Forest owners have several different opportunities to manage and use their forests. However, when making decisions, it must be remembered to consider, among other things, the Forest Act, which stipulates for measures related to the management and use of forests. If the forest is covered by forest certification, the use of the forest is also guided by the certification criteria.
In addition to the Forest Act, the use of forests can be affected by a number of other laws.
The Forest Act and the regeneration obligation
The regeneration obligation under the Forest Act is an important part of sustainable forestry. The Forest Act does not oblige forest owners to fell their forests. Instead, the law sets minimum requirements for how felling, harvesting, and regeneration should be carried out. Sufficient tree stands capable of growth must be preserved in the forest during intermediate fellings. Regeneration fellings impose an obligation to produce seedling stands. In addition, the law restricts the processing of the objects listed in it as valuable for forest biodiversity, that is, the so-called habitats of special importance. The Forest Act applies to almost all Finnish forests, with the exception of the areas mentioned in section 2 of the Act.
The forest owner must ensure that a forest use notification is filed to the Finnish Forest Centre at least 10 days before the felling. The notification is usually prepared by the planning officer marking the stand for harvesting or by the wood buyer, who sends the notification to the Finnish Forest Centre.
In the protected forest area of Lapland, the use of forests is regulated in more detail in order to prevent the forest border from lowering.
Forest owners’ rights
As a forest owner, you can choose how you manage your forest and what kind of goals you want to promote in your forest. Meeting the minimum requirements of the law does not yet guarantee a financially good outcome or a forest rich in natural values. As a forest owner, you can, within the limits of the law, carry out fellings and forest management measures or protective measures on the property. You can also choose whether to participate in forest certification.
You can find practical guidelines for forest management and use, for example, in the Tapio’s Best Practice Guidelines for Forestry. They are also the basis of the advisory work in the Finnish Forest Centre. Forest management recommendations are not binding on the forest owner, but they are advice on good forest management. The aim of the recommendations is higher forest yields than the minimum level stipulated in the Forest Act and greater certainty about the preservation of forest biodiversity. The recommendations are based on long-term research data and practical forest management experience.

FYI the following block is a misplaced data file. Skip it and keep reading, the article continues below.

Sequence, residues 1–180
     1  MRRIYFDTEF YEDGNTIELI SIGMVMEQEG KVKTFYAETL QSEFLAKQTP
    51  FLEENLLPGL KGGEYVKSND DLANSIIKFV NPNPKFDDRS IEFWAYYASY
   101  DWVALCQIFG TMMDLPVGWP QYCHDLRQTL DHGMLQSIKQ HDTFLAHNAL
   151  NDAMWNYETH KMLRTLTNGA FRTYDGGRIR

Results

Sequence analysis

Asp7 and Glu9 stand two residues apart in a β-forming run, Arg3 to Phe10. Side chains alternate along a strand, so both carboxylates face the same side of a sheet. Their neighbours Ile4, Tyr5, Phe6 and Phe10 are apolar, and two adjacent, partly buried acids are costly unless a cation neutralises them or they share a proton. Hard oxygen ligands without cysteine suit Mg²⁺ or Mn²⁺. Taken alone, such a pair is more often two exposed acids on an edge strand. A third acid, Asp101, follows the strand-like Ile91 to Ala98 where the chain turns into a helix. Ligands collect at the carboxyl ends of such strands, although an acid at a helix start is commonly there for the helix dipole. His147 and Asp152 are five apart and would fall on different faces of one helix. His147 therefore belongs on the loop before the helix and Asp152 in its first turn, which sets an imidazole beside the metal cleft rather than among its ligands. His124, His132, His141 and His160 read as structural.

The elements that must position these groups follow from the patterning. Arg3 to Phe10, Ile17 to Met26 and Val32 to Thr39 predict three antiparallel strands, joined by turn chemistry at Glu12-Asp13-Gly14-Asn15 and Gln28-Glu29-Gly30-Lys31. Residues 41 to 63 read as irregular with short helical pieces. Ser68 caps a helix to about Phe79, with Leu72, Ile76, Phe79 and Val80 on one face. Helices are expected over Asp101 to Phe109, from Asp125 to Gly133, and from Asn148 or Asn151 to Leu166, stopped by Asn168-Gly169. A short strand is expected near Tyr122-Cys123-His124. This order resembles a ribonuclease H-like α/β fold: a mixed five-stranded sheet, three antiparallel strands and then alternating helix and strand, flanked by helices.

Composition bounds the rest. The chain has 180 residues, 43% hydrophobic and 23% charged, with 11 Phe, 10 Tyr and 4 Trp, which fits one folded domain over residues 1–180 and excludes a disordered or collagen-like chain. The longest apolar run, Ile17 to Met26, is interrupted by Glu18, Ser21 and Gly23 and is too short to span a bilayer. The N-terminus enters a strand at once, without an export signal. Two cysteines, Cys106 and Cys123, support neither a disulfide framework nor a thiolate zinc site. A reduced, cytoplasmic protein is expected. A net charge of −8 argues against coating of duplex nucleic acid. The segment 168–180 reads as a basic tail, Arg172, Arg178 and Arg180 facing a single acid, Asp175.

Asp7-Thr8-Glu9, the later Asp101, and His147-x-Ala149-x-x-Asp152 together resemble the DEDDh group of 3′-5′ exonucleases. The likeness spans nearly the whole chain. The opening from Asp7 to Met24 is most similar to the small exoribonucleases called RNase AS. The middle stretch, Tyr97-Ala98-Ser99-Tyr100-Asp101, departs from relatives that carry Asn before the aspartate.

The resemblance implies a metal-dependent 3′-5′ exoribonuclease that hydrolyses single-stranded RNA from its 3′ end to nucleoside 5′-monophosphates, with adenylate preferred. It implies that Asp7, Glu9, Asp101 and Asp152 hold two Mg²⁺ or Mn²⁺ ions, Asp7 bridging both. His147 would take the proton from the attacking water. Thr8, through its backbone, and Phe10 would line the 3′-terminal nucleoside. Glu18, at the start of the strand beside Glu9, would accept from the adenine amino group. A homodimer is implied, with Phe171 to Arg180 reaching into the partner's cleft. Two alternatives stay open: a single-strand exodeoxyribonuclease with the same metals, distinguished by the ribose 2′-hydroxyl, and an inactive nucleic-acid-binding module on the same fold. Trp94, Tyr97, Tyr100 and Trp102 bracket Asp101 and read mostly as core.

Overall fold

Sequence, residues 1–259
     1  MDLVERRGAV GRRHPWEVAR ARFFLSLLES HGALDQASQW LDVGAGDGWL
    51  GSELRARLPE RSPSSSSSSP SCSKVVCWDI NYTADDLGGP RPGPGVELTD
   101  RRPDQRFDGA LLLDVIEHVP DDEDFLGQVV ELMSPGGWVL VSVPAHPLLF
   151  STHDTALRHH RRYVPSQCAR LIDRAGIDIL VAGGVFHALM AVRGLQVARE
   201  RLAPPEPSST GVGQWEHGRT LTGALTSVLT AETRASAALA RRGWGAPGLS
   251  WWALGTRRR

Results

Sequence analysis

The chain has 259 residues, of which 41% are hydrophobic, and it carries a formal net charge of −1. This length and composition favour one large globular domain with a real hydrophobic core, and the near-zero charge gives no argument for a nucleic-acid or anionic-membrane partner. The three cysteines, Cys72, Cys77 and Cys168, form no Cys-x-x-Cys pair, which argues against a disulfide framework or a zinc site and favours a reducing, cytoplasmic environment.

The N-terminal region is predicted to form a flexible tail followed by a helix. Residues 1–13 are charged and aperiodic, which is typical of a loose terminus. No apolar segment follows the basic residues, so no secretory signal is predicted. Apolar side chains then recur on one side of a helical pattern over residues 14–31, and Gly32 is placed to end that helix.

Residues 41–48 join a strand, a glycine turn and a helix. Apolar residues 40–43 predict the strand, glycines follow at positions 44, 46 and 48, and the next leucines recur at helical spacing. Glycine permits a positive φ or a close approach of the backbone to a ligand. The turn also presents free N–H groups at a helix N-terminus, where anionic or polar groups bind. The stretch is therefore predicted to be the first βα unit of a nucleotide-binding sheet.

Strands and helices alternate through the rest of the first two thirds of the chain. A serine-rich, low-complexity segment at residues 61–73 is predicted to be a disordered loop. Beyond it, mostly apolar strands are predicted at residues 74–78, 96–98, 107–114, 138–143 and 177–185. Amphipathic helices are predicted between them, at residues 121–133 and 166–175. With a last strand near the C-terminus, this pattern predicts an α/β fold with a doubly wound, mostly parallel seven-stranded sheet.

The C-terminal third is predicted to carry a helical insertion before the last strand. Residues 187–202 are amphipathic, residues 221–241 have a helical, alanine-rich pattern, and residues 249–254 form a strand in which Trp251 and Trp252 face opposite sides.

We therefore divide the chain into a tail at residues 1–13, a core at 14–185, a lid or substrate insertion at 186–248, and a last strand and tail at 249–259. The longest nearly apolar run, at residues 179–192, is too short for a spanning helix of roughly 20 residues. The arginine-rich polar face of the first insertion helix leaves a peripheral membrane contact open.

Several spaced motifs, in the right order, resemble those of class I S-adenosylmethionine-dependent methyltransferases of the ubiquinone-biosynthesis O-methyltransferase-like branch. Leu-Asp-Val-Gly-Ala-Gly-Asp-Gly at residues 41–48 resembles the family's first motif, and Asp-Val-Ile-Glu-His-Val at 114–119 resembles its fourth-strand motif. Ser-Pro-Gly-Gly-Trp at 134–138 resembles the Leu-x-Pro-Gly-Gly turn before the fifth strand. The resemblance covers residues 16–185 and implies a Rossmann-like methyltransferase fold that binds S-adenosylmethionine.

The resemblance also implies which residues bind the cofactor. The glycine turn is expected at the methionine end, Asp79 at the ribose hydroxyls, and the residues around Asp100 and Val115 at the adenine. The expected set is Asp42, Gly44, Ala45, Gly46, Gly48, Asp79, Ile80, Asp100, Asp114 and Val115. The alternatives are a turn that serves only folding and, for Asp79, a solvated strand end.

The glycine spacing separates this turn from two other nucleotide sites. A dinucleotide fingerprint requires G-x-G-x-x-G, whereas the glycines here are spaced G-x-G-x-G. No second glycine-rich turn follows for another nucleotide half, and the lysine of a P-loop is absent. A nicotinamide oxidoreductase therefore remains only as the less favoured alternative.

Forest owners also have the right to know what information about them can be found in the Finnish Forest Centre’s forest information system. Most of the information can be seen in the electronic Metsään.fi service provided by the Finnish Forest Centre. Most of the Finnish Forest Centre’s documents concerning forest owners are public, and information is also disclosed to third parties, subject to certain restrictions related to the protection of personal data.
Notifications and applications
The main notifications and applications related to forest use and forest management submitted to the Finnish Forest Centre are based on the Forest Act and the Temporary Act on the Financing of Sustainable Forestry (Kemera).
Forest use notification
The forest use notification is to be made at least 10 days before the planned felling or measures taken in a habitat of special importance. The notified felling or other measure must start no later than three years after the submission of the forest use notification. For example, there is no need to report the felling for household needs or the felling of small stands with an average diameter of up to 13 cm, unless the fellings are carried out in a habitat of special importance.
The forest use notification is free of charge if it is made at least 10 days before the start of the measure. An exception to the deadline can be applied for with a form (the price is € 80 + billing and postage costs). The easiest way to make a forest use notification is in the Metsään.fi service and with the same notification you can also request an extension to the deadline.
- Forest use notification form (in Finnish)
- Application for an extension of the deadline for the forest use notification (in Finnish)
In addition to or instead of making a forest use notification, felling may require a municipal landscape work permit in accordance with the Land Use and Building Act. Measures that change the landscape, such as felling trees, may be subject to a permit in the master plan and town plan areas and in the areas for which these plans are drawn up.
Measures that do not require a forest use notification must be notified to the Centre for Economic Development, Transport and the Environment (ELY Centre) if the measures are carried out in or near a site belonging to the Natura 2000 network and is likely to significantly impair the area's natural values. More detailed instructions on how to make a notification and how to fill in its content can be found in the online service of Finland’s Environmental Administration (in Finnish).
The state finances measures to increase forest growth and maintain the forestry road network. Funding is also available for voluntary forest nature management work and conservation of nature sites. Support may also be granted for afforestation of such non-productive lands suitable for silviculture which do not belong to the categories of forestry lands or non-agricultural lands.
Notification of cervid damage
The notification must be submitted to the Finnish Forest Centre immediately after the damage is detected.